Subtractive synths produce “basic” waveforms — sine, triangle, square/pulse, and saw — and then carve away at the sound through filters, envelopes, and modulators to alter its timbre. When you hear folks say, “Oh man, I love that vintage analogue synth sound,” they’re probably thinking of a subtractive synth.

Since those “pantheon” synths I mentioned above are pretty unaffordable and tough to come across in the wild, modern companies like u-he, Arturia, and others have made some stunning software emulations of these classics. There are other bundled options available as well, like Live’s Analog, Logic’s Retro synth, or Cubase’s Retrologue 2.

To fully unpack subtractive synthesis, we’ll take a look at tracks by The Weeknd, Herbie Hancock, James Blake, and more — and we’ll hear from Marty Fowler (a.k.a. WNNR) in the studio.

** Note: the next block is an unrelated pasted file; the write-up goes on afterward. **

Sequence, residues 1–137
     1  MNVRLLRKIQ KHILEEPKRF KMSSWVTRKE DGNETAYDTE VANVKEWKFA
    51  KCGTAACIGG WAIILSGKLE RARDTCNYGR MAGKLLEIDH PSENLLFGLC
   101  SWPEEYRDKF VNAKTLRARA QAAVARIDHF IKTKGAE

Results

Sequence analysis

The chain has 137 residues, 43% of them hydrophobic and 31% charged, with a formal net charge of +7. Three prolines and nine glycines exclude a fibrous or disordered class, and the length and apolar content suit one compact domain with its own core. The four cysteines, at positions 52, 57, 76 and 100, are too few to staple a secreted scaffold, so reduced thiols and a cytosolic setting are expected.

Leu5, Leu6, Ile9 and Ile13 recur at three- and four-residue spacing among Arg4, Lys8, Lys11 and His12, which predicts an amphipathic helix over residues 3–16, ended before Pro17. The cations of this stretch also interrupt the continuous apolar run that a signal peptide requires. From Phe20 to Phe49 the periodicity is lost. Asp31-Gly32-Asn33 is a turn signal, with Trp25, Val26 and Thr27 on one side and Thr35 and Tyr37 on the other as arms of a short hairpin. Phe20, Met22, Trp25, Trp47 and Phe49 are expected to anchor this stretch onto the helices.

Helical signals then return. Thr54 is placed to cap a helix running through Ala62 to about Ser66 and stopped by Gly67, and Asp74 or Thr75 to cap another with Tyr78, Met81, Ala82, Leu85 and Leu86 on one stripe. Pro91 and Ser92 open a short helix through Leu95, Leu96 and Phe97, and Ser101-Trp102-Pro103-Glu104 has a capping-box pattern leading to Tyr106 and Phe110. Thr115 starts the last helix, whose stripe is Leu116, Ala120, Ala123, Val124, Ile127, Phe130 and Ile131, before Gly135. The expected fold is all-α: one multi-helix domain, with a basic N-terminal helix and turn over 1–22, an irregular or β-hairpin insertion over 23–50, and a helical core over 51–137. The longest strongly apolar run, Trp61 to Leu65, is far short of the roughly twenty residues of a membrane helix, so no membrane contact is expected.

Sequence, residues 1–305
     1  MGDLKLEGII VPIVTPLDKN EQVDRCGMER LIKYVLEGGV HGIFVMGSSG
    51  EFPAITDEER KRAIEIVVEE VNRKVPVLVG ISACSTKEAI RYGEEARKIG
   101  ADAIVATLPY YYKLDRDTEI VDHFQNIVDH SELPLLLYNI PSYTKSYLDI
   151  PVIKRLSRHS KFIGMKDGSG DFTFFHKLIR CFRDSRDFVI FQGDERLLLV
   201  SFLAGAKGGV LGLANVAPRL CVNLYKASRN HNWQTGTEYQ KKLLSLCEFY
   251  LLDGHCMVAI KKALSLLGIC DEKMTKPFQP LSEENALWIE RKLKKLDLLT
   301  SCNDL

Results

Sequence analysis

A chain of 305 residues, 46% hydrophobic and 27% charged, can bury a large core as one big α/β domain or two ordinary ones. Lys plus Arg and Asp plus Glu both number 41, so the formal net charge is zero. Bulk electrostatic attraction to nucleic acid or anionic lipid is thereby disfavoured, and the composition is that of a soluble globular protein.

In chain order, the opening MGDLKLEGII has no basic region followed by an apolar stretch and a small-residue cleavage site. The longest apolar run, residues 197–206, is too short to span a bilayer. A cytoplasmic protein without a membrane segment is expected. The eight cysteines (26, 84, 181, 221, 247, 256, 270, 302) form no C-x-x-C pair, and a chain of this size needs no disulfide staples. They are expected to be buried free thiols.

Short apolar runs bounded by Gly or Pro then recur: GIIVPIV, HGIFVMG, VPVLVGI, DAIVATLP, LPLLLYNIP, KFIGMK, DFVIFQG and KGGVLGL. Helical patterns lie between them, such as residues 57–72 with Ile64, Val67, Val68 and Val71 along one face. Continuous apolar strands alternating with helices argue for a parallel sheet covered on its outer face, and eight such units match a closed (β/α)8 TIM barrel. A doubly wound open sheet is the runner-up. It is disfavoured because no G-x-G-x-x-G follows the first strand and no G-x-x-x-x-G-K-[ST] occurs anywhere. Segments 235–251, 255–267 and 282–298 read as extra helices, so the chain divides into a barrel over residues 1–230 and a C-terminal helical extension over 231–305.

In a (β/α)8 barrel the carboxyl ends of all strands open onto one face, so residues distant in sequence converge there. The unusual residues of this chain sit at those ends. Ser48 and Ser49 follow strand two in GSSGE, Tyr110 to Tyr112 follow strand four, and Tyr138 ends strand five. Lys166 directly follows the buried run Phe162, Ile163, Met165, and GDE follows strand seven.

Wavetable synthesis became a staple of the sound of the early 1980s with bands like Depeche Mode and Tangerine Dream using new sound sources to push their sound to the bleeding edge of what was technologically possible at the time.

Nowadays, the torch is largely carried by XferRecord’s Serum — one of the most popular synths in modern electronic music. Incredibly flexible for way more than just new wave sounds, modern wavetable patches growl and move around like they’re alive, and are frequently heard in styles like drum ‘n’ bass, dubstep, and even some pop applications.

These synths look an awful lot like subtractive synths and feature nearly identical layouts. The real difference is the way the sound is generated — by a dynamically evolving digital sample of a waveform.

These sampled waveforms are stored in scannable tables, allowing you to playback different portions of the file to create harmonically interesting changes. These synths definitely still sound “synthetic,” but the ability to playback tables of digital samples allows for more organic sound possibilities, and deep modulation capabilities lend these synths to some pretty incredible results.